Oratorical Contest Tryouts
Phi Hall , 7 O'clock
Debate N. Carolia vs S. Carolina
Gerrard Hall 8:30 P.M.
VOLUME XXXIV CHAPEL HILL, N. Cl, THURSDAY, MAY 6, 1926 ; ... , NUMBER 80
ORDER OF THE GOLDEN FLEECE TAPS ONLY 4 MEN
TAR HEELS DROP
GAME TO STATE
BY 8 TO 6 SCORE
Techmen Prove Too Much For
Duncanites on Emerson
Field Tuesday. ,
HATLEY AND YOUNG HIT
Westmoreland and Poyner Twirl for
Carolina Against Beal and Green
During nine innings of the most er
ratic baseball that has been seen on the
home lot. this year, the State College
Techmen pounded out eleven safe swats
to count for eight runs and defeated
Coach Duke Duncan's Tar Heel squad
ou Emerson field Tuesday afternoon by
the score of 8 to 6.
The garue was Interesting in parts.
For the first four innings the game
rocked along nicely, the Tar Heels count
ing twice in the second stanza, and the
Techmen scoring a marker in the third
and fourth stanzas. 'Then the fun be
gun. In the fifth frame the .Wolf pack
hopped on "Lefty" Westmoreland with
all four feet and touched him for three
swats to score four runs. Westmore
land was sent to the showers, Bill Poy
ner taking bis place on the mound, but
the Techmen ferreted out Bill's offerings
in the eighth' inning and made two safe
hits count for two more runs.
During this time the Tar Heels were
rollicking along at the small end of the
score under the masterful hurling of
Heal. However, the Tar Heel "murder
er's row'- got started in the fifth frame
and collected three safeties, one of them
a four-bagger by Hatley, to send Beal
to the showers, Green taking his place
on the mound. He held the Tar Heels
siting outof ,'4hy, hand until the final
stanza ' heiijwoVhits, a free pass to
firsthand 1 Jamil's -error netted the Tar
Heels" ttiukher market 'and aspirations
towards one of those famous ainth inning
rallies. However, the Duncanites lacked
the final punch, and the final count was
8 to 0.
Tom Young, Tar Heel left gardener,
was the high hitter of the game. He
stood at the rubber five times during
(Continued on page four)
The last of the winter series of
organ recitals will be given by Miss
Henrietta R. Smedes in The Chap
el of the Cross, Sunday, May 9, at
3:00 P. M.
Miss Smedes, who is the regular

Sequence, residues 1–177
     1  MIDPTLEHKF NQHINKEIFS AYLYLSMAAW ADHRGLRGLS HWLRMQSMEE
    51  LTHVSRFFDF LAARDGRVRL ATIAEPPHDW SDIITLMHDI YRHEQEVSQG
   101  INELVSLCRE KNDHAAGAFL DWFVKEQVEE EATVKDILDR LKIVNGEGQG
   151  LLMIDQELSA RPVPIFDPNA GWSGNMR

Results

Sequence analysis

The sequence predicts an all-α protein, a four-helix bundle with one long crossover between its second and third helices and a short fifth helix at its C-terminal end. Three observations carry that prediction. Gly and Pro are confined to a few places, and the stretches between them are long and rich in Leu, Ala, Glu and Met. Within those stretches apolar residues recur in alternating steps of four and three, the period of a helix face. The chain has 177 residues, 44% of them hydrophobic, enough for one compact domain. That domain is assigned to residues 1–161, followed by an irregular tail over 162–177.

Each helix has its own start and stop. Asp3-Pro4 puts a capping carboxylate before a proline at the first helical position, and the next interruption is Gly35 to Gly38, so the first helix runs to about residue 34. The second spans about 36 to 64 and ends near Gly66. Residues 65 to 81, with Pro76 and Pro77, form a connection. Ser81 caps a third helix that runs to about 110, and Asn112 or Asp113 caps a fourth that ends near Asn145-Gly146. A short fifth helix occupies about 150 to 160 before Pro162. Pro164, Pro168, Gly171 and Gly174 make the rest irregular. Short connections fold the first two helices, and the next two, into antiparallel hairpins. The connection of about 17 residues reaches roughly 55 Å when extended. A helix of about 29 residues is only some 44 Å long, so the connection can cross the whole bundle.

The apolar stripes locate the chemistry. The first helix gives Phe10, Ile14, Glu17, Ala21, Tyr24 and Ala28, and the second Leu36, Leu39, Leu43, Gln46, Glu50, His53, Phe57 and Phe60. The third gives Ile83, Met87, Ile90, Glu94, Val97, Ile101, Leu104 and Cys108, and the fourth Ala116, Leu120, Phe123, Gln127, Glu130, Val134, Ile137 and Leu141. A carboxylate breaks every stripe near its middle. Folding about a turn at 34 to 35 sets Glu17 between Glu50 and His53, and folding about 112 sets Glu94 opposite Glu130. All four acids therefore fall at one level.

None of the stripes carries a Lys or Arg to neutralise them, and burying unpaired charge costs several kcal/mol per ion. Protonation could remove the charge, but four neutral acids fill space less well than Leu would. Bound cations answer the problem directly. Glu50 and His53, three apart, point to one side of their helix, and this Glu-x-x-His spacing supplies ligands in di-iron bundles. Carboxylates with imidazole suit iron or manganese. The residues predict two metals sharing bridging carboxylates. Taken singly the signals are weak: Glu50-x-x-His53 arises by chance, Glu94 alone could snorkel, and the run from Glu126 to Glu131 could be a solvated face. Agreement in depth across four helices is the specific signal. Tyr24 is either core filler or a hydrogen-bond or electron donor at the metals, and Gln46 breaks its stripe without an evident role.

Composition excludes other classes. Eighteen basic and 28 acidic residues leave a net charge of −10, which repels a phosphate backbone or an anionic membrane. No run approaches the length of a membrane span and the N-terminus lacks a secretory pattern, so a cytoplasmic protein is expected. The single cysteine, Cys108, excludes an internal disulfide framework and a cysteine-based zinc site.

church organist, has a good sense
of touch and time and the faculty
of putting herself into her play
ing. She will render the following
program Sunday afternoon.
Prelude and Fugue, G major
Mendelssohn. ' . ':
The Minster Bells Wheeldon.
Lyric Theme from Symphouis
(Transcribed by Lemare).
Scherzo Symphonique Concert
Addresses National Foreign
Trade Convention at Charles
ton Last Week.
ADDRESS IS APPRECIATED
Spoke on "The Economic Resources of
the South Atlantic Area."
DEFEAT WAKE FOREST
Deacons, On Home Lot, Fall Before Tar
Heels Tuesday' Afternoon by Score
of 5 Matches to 2.
The Carolina Racqueteers continued
their winning streak by defeating the
Wake Forest Racqueteers at Wake For
est Tuesday afternoon by the score of 5
matches to 2. Captain Whitaker, of
Carolina, was defeated in the singles,
and he and Elgin lost to Powers and
Sawyer In the doubles. The Deacons had
suffered defeat only twice this season to
Duke and Carolina. But nevertheless
the Baptists were determined to win and
went into the game with the advantage
of being on their own courts.
For the first time this season Captain
Hap Whitaker was defeated in a dual
meet. He had played such men as
Whitener," Rogers, Agelesto and other
star players. However, Powers proved
too much, for him and sent him back, but
not before Hap had forced him to ex
tend himself to the utmost. The other
Tar Heels played their usual steady
game with occasional bursts of brilliance'.
Summaries of matches:
Singles: Powers (Wake Forest) de
feated Whitaker (Carolina) two out of
three sets, 6-3; 3-6; 6-2.
Elgin (Carolina) defeated , Sawyer,
(Wake Forest) two straight sets, 6-3;
6-3. - , ' , . f.
Geddie (Carolina) defeated Agelesto
(Wake Forest) two straight sets, 6-3;
6- 1. ; v
Harvell (Carolina) defeated Burroughs
( Wake Forest) two straight sets, 6-1 ;
7- 5. . - 'i,y . -X. r
Dalrymple (Carolinu) defeated Slate
(Wake Forest) two straight sets, 6-2;
(Continued on ,nfl.')ur)
M bait thd'
The William CnlnV'i.... jjgineering
Society meets this evening at 7:30, in
Phllllpg Hall. Officers for the coming
year will be elected.
B. S. Colburn, Jr., will give slides of
the Quebec. Bridge, following which re
freshments will be served. '
Dr. Erich W. Zimmerman, Professor
of Commerce and Resources in the Uni
versity, delivered one of the principal
addresses at the thirteenth National
Foreign Trade Convention, held at
Charleston, S. C, April 28, 29, and 30.
He spoke on the subject, "The Eco
nomic Resources of the South Atlantic
Area," and his discussion met with fa
vor among the delegates.
One distinction which Dr. Zimmer
man received was that of being the
other college professor on the program.
Dr. Jeremiah Jenks, Professor in Re
search Government in N. Y. University,
was the other college speaker. About
fifteen hundred delegates from all of
Xorth and Central America and Europe
were present at the convention which is
one of the most important meetings held
in the South this year.